Again, like many things in the game, the answer is left ambiguous, as an open invitation to explore the question. But each possibility and piece of evidence and choice of the player provides an essay's worth of contemplation and parallels to centuries of philosophical wonderings, with how successfully the game utilizes its conceits of simulation and neural transfer to dig into its themes, where choice and memory and self are concerned.
SARTRE FUCK IT UP YEAHHHHHHHH
“Only laughter makes a man rich, but the laughter has to be blissful.”
“Simple-minded errors rarely engender great historical results, and Rousseau’s was no simple mind. One finds in him, for good or ill, the seeds of Romanticism and folk-nationalism, the French Revolution and totalitarianism, Marx and Nietzsche, Freud and Darwin, modern anthropology and Margaret Mead, the sexual revolution and the dissolution of the family—all marked with what is characteristically Rousseau: genius and blunder. Let’s peruse both.”
10 books that screwed up the world,
on Jean-Jacques Rousseau's Discourse on the Origin and Basis of Inequality Among Men
[C. There was a new style of totalization - cont'd]
[3. Medical experience becomes centralized in structure, both at the level of immediate observation, and, at a higher level, recognizing and confronting 'constitutions' (e.g, soil quality) - cont'd]
[d. One began to conceive of a generalized presence of doctors whose intersecting gazes form a network and exercise supervision. E.g.,: - cont'd]
iii. there were demands that the reasons for exemption from military service on medical grounds should be given in detail by the recruiting board; in fact, that a medical topography of each department should be drawn up,
‘with detailed observations concerning the
produce of the ground
time of their perfect maturity and their harvesting
physical and moral education of the inhabitants of the area’.
– Michel Foucault, The Birth of the Clinic: An Archaeology of Medical Perception, (Chapter 2: A Political Consciousness), 1963, translated from the French by A.M.Sheridan, 1973
The affidavit in the case, which is still preserved, says Favorinus, in the Metron, ran as follows: "This indictment and affidavit is sworn by Meletus, the son of Meletus of Pitthos, against Socrates, the son of Sophroniscus of Alopece: Socrates is guilty of refusing to recognize the gods recognized by the state, and of introducing other new divinities. He is also guilty of corrupting the youth. The penalty demanded is death."
The philosopher then, after Lysias had written a defence for him, read it through and said: "A fine speech, Lysias; it is not, however, suitable to me." For it was plainly more forensic than philosophical.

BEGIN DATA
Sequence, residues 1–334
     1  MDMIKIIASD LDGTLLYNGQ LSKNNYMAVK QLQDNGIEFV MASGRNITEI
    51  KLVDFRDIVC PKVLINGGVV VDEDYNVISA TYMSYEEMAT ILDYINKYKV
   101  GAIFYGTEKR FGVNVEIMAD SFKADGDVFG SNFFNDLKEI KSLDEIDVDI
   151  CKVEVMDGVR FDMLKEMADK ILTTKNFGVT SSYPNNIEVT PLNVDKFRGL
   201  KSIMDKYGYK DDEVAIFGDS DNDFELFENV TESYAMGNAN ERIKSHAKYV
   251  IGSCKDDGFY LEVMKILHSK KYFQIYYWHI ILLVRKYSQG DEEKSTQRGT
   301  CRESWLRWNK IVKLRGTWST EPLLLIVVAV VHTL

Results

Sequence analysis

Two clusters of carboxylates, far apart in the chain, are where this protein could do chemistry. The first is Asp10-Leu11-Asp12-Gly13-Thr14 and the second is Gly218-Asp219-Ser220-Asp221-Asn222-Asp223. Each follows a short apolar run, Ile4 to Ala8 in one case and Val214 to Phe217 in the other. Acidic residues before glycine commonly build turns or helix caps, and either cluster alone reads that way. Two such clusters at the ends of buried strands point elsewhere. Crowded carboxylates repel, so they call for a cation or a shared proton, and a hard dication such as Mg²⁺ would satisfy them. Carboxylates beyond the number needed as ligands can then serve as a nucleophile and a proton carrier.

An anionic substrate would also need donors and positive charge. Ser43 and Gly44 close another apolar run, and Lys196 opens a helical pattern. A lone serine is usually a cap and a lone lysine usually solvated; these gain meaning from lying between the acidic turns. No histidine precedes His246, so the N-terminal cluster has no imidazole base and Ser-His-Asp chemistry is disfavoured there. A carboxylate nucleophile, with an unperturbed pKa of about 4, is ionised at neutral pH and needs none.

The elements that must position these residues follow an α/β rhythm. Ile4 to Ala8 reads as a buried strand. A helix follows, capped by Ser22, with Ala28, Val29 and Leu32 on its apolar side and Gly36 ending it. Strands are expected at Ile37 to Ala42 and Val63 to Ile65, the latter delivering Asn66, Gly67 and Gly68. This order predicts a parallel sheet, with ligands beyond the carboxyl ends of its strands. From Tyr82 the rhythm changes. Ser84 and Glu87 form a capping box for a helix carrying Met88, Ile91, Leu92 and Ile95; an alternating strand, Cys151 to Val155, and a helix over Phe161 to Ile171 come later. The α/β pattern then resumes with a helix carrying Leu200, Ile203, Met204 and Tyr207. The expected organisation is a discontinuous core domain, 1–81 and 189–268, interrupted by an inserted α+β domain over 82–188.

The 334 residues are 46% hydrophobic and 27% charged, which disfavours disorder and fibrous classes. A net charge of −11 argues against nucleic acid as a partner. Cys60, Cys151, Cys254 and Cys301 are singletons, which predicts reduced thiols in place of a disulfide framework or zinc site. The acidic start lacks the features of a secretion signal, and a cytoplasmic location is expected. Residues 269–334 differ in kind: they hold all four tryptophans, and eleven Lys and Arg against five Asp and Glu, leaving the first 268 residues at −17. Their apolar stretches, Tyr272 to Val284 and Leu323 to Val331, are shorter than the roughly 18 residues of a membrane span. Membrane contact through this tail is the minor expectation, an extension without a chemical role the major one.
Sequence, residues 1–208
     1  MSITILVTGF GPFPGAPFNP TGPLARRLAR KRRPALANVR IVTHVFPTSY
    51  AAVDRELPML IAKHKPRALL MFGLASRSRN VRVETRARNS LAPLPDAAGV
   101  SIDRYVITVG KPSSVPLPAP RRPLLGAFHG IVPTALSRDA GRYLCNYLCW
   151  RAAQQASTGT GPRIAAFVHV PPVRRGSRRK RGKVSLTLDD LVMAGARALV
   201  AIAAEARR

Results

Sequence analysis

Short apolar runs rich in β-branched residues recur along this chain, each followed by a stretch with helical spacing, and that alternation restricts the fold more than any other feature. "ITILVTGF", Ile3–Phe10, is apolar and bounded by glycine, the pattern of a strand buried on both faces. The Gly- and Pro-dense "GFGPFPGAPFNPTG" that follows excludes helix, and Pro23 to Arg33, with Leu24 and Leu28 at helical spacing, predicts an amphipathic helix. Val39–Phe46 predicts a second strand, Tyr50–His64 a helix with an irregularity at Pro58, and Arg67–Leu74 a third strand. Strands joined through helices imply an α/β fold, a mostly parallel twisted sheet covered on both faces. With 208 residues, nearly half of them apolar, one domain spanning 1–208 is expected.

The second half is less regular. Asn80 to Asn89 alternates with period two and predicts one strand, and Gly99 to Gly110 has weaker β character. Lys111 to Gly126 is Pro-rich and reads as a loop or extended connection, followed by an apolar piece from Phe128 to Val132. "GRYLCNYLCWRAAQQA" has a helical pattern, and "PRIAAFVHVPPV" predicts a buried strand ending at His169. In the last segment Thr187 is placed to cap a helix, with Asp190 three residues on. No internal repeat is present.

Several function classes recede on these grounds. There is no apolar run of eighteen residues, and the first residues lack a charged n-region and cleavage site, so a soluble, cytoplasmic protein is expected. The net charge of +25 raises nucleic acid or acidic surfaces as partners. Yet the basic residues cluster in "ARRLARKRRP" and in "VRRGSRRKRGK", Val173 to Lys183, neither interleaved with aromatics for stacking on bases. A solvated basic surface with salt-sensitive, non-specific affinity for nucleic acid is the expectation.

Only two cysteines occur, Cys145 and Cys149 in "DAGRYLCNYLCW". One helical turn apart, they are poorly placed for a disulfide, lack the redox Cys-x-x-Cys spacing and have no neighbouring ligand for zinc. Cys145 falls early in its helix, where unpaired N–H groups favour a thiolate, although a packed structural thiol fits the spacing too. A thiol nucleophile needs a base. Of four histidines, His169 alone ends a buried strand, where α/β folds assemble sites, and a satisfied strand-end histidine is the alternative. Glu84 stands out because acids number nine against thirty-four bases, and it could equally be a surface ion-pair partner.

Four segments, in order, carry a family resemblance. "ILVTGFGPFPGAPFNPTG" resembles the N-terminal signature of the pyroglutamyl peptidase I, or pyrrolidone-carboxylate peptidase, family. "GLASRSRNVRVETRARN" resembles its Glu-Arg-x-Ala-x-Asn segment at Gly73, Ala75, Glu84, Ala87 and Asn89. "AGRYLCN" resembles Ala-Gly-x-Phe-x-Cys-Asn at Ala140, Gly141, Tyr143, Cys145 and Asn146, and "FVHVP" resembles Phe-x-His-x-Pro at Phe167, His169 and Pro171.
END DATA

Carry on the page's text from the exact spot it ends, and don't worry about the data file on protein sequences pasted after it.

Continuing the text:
Lysias said, "If it is a fine speech, how can it fail to suit you?"
"Well," he replied, "would not fine raiment and fine shoes be just as unsuitable to me?"
—Diogenes Laërtius, Lives of the Eminent Philosophers 2.40-41
I've been thinking a lot about "contradictions" lately... and by "lately" I mean for years now. The very concept of the contradiction seems (to me) to be the #1 thing cited when people want to disparage or walk away from something. It's tantamount to "hypocrisy", since holding apparent opposites together feels so similar to saying one thing and doing another, and since authenticity is the north star of our culture, anything that smacks of such complexity cannot be abided. I see it with faith all the time, yes, in the onslaught of deconstructivisms today, but not only do I see the effects in others; I feel them pulling on me, as well. My wife says I'm the consummate devil's advocate (though, for the record, I feel the devil himself requires no actual advocacy), because I am constantly asking questions from the other side of the argument, even if I tend to agree with the initial side of said argument. Deep in my bones I sense that many of the things we think are simple are less simple than they might first appear. Most of the time when engaging in this "inspection from the other side", I do not end up becoming convinced of the opposing view, but rather becoming aware that in some difficult-to-express way, these "opposites" are not (strictly speaking) in "opposition".
Not long ago, I finally stumbled across a term for this kind of situation. Now, I really like words (sorry?) but even if you don't, you might like this one if you've ever found yourself in a similar boat to the one I'm floating in, without a verbal paddle to use: dialectic. Say it aloud. Dialectic. It's fun, promise! According to at least one definition, it is the "inquiry into metaphysical contradictions and their solutions". A more colloquial term for it I have seen used is "unity of opposites".